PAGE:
That’s what National Institute of Standards and Technology (NIST) scientists have built, with funding from DARPA’s Quantum-Assisted Sensing and Readout (QuASAR) program: two optical

read more

Transparent ‘window to the brain’ allows for laser treatments without repeated surgery

September 3, 2013

A cross section of the head that shows how the transparent skull implant works.

University of California, Riverside researchers have developed a novel transparent skull implant that literally provides a “window to the brain.”

They hope to eventually open new treatment options for patients with life-threatening neurological disorders, such as brain cancer and traumatic brain injury.

The implant is made of the same ceramic material currently used in hip implants and dental crowns and is well-tolerated by the body — yttria-stabilized zirconia… read more

Self-powered nanoparticles instantly deliver healing drugs to bones

Bioelectric field pulls the negatively charged nanoparticles toward the bone crack
September 3, 2013


A novel method for finding and delivering healing drugs to newly formed microcracks in bones has been invented by a team of chemists and bioengineers at Penn State University and Boston University.

The method involves the targeted delivery of the drugs, directly to the cracks, on the backs of tiny self-powered nanoparticles. The energy that revs the motors of the nanoparticles and sends them rushing… read more

Turning genes on and off in cells by reprogramming an RNA sequence

New method for turning genes on and off could enable more complex synthetic biology circuits
September 3, 2013


MIT researchers have shown that they can turn genes on or off inside yeast and human cells by controlling when DNA is copied into messenger RNA — an advance that could allow scientists to better understand the function of those genes.

The technique could also make it easier to engineer cells that can monitor their environment, produce a drug or detect disease, says… read more

Fiber-optic/nanocrystal system enables live nanoscale sensing

Can sense changes to a single living cell in the human body in response to chemical signals
September 3, 2013


Researchers have identified the “world’s most sensitive nanoparticle” and can measure it from a distance, using light.

The discovery, by a team of researchers from Macquarie University, the University of Adelaide, and Peking University, opens the way for rapid localization and measurement of cells within a living environment at the nanoscale.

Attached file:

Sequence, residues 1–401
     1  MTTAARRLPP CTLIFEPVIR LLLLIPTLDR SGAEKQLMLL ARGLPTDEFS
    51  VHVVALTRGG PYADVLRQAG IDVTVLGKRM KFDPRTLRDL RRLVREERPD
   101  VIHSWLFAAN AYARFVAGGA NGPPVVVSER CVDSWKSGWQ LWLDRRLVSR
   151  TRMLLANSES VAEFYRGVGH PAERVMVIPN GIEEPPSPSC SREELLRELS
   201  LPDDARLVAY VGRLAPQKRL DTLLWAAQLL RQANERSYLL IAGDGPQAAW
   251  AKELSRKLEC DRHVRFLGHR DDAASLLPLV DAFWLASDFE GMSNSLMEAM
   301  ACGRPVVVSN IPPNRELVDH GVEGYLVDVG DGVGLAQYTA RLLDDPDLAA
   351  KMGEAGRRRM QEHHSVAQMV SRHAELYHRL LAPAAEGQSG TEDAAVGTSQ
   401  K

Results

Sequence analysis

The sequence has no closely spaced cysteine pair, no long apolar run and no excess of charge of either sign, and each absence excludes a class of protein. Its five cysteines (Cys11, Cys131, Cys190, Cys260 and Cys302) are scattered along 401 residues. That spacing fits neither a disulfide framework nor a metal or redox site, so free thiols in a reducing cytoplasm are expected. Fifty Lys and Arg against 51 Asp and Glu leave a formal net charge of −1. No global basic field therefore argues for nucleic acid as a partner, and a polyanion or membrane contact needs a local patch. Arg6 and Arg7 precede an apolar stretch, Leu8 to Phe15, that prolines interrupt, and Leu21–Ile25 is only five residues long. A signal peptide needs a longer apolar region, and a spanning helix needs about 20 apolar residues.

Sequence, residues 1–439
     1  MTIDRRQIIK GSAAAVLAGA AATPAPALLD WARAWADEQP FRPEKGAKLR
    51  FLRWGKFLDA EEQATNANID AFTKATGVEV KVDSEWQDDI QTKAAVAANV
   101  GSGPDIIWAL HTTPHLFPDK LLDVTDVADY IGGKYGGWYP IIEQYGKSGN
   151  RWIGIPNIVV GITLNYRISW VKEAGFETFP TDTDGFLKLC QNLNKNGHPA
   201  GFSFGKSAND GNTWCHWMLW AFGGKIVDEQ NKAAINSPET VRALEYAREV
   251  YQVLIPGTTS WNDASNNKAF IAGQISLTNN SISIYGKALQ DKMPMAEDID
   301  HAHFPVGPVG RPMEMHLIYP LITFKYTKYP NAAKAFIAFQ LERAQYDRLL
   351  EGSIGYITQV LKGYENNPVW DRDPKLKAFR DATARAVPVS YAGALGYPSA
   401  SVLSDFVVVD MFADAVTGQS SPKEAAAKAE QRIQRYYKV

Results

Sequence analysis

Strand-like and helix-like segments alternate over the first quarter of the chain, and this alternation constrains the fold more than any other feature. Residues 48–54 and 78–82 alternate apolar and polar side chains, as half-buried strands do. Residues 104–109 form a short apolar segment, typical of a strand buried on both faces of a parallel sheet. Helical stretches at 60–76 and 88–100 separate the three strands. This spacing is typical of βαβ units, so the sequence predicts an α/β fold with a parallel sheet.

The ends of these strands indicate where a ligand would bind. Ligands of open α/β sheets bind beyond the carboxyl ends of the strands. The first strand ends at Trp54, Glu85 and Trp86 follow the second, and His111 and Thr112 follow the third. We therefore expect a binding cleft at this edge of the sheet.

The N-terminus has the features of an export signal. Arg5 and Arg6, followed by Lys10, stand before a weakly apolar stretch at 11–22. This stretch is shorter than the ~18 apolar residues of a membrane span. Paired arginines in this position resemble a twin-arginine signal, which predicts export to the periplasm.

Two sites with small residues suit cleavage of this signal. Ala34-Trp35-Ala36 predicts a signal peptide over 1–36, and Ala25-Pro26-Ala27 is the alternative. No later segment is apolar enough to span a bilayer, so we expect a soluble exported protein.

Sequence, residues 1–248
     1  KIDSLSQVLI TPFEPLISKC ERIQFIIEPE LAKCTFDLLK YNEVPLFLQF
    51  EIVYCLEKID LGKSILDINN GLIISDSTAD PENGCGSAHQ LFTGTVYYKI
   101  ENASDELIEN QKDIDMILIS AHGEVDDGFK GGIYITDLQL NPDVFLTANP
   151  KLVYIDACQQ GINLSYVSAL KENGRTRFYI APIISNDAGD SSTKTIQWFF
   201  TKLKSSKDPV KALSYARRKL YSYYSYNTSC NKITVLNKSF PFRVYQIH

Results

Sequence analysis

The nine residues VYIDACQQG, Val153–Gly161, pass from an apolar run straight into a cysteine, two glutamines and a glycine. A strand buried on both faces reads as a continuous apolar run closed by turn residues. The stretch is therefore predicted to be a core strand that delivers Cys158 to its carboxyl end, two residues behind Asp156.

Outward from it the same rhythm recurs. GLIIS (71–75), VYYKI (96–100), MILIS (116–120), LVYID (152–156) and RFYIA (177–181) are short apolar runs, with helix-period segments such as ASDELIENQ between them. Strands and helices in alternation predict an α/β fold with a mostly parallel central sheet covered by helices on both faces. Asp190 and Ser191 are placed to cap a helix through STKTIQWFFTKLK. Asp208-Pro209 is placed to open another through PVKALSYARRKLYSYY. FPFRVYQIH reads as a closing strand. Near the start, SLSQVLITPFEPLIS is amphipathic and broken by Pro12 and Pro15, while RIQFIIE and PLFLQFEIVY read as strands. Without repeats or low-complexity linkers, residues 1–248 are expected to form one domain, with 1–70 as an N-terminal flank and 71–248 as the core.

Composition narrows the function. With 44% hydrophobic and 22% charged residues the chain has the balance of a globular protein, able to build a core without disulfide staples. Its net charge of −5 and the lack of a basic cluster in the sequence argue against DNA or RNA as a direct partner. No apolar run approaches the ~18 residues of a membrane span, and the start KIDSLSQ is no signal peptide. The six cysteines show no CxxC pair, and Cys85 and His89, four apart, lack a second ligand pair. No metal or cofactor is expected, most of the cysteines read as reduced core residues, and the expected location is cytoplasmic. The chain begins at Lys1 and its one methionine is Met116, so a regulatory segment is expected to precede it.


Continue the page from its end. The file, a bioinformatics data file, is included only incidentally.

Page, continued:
These super-bright, photostable nanocrystals enable a new approach to highly advanced sensing technologies using… read more

Fluorescent organic nanoparticles operating as cell tracers outperform existing methods for long-term tracking of living cells

September 3, 2013

AIE dot

An Asian research team has developed a method for continually tracking biological processes for long periods of time, using noninvasive fluorescent organic tracers, overcoming the limitations of inorganic quantum dots and other methods.

Bin Liu and Ben Zhong Tang of the A*STAR Institute of Materials Research and Engineering in Singapore and their co-workers developed inorganic quantum dots (nanocrystals) composed of a small number of organic… read more

Spanish doctor performs first surgery transmitted live via Google Glass

September 2, 2013

Spanish surgeon with Glass

Dr. Pedro Guillén, Head of Traumatology Service at Clínica CEMTRO in Madrid, is the first surgeon in the world to perform surgery transmitted live via Google Glass.

The surgery, performed on June 21, 2013, pre-dated surgery performed at The Ohio State University Wexner Medical Center on August 21, 2013, which was the first such surgery performed in the U.S., as previously reported on… read more

Improved thermoelectric materials may give a push to Moore’s law

Could also lead to improved 3D chips and “system on chip” integrated circuits, reduced energy consumption of cars, environmentally clean alternatives to current materials
September 2, 2013


Heat build up in computer chips is a key factor leading to progress in chips hitting the “power wall” — blocking  increases in chip speed and slowing down the doubling of chip-transistor density (Moore’s law).

One solution is thermoelectric materials, which convert heat into electricity that can be used for cooling (also used in solid-state refrigerators)*.

But progress in developing these materials has also hit a wall.… read more